Singapore’s Built Environment (BE) sector is finally recovering from the COVID-19 pandemic, but it now has to deal with new challenges from emerging crises.
Geopolitical events such as escalating US-China tensions and the conflict in Ukraine have further fractured global supply chains and escalated the prices of raw materials. As the climate situation rapidly worsens, the industry is under increasing pressure to pivot quicker towards more sustainable measures.
“It’s been a season of volatility and challenges, and it doesn’t look like it’s going to be solved anytime soon” observed Mr Kelvin Wong, Chief Executive Officer at the Building and Construction Authority (BCA). “The next mile is just going to be as uncertain as the last two to three years.”
Mr Wong was speaking at a panel discussion on the third and final day of the International Built Environment Week (IBEW) 2022. Moderated by Mr Mukund Sridhar, Senior Partner at management consulting firm McKinsey & Company, the session saw corporate leaders in the BE sector sharing insights on how the industry can adapt to the next chapter of challenges.
They noted that three key areas need to be addressed: resilience, people, and change. “How can we really ride through this together as a team, align long-term goals and work on the things that will help us last?” said Mr Wong.
Louis Lim, Chief Executive Officer of Keppel Land
Resilience: Lessons from COVID
First, industry players must continue honing the resilience forged from COVID-19 – which had severely battered the BE sector – and apply them to new challenges ahead.
“We need to coach people on the need for resilience because it feels that change is the only true constant in today’s world,” said Keppel Land’s Chief Executive Officer Louis Lim.
Mr Lee Aik Seng, Managing Director at construction firm Obayashi Singapore, had observed that one of the biggest challenges currently confronting construction companies in the post-COVID world was supply-chain management.
“We’re facing a lot of issues with delays and price escalation,” he said. “Not just in equipment and material, but in terms of skilled workers as well. We need to think how we can continue to sustain them.”
To combat fluctuating prices and shortages, one way that the industry can build resilience is by being agile. For instance, instead of the traditional way of working in silos, a collaborative contracting approach enables industry players – from engineers to contractors – to be more flexible when projects face challenges and handle disputes more amicably and smoothly.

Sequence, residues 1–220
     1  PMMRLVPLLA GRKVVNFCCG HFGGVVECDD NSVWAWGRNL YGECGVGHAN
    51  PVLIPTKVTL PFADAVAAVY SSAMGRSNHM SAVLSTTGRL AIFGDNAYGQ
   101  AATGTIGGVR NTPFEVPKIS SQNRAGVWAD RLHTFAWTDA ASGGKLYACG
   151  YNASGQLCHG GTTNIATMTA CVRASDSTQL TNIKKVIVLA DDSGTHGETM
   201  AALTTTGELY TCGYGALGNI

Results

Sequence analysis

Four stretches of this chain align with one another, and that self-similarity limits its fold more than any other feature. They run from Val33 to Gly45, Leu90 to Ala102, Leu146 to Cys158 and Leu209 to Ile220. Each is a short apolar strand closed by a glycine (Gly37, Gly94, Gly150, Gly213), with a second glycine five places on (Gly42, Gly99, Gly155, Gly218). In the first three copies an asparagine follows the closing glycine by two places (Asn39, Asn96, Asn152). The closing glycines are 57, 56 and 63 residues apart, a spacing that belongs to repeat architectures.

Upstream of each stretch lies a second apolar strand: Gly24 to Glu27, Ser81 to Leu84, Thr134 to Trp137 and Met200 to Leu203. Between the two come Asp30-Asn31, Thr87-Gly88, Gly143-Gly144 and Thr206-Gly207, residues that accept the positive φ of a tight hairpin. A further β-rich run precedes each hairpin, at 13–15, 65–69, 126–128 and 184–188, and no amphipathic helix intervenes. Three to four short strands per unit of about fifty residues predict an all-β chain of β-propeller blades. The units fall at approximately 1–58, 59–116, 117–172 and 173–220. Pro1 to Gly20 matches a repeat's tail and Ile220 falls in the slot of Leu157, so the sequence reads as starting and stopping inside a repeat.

“This is part of futureproofing: the ones among us who can collaborate better will be in a stronger position,” noted Mr Wong.
People: New talents, different expectations
The second way that the BE sector can prepare for the future is by finding ways to attract and retain talent – a perennial issue that the industry faces.
A solution is to meet the evolving expectations of BE professionals. Rather than sticking to their own specialisations, many engineers are now looking for multi-disciplinary roles, noted Er Jee Yi Yng, Country Representative at construction engineering firm AECOM Singapore. Environment consultants, for example, want to branch into infrastructure projects.
“These are the opportunities that we need to give to them, and that’s where they’ll thrive,” she said. “As leaders, we need to enable them.”
Senior Minister of State for National Development Tan Kiat How
In his opening remarks, Senior Minister of State for National Development Tan Kiat How also noted that BE professionals and leaders wanted their skills and contributions to be better valued. In addition, these industry players hoped for the BE workforce to be more productive, digitally savvy and knowledgeable about sustainability.
Achieving these aims start from the top. “As CEOs, you play a crucial role in driving transformation by setting the direction and culture within your organisations as well as by guiding and nurturing your employees – one of your most valuable assets in your company – towards transformation goals,” he said. “It is the people who must act on our ambitions to transform the sector.”
Change: The only constant
Lastly, to keep up with new trends such as sustainability and digitalisation, companies in the BE sector have to learn how to adapt accordingly.
In his keynote speech preceding the panel discussion, Keppel Land’s Mr Lim shared how his organisation evolved from being a traditional real estate developer to an urban space solutions provider in 2020.
A new key focus is on sustainable urban renewal. Keppel Land installs smart and sustainable features in older buildings that help to reduce long-term costs as well as saves the environment.
While enacting change may not be easy, Mr Lim said it is something that needs to be done. Clear communication, being decisive, and expecting the unexpected are some of the tools for success on this front.
Most importantly, companies have to stay the course. “These things take time. There will be both positive and negative moments,” he said. “The key is to survive through these moments to effect positive change.”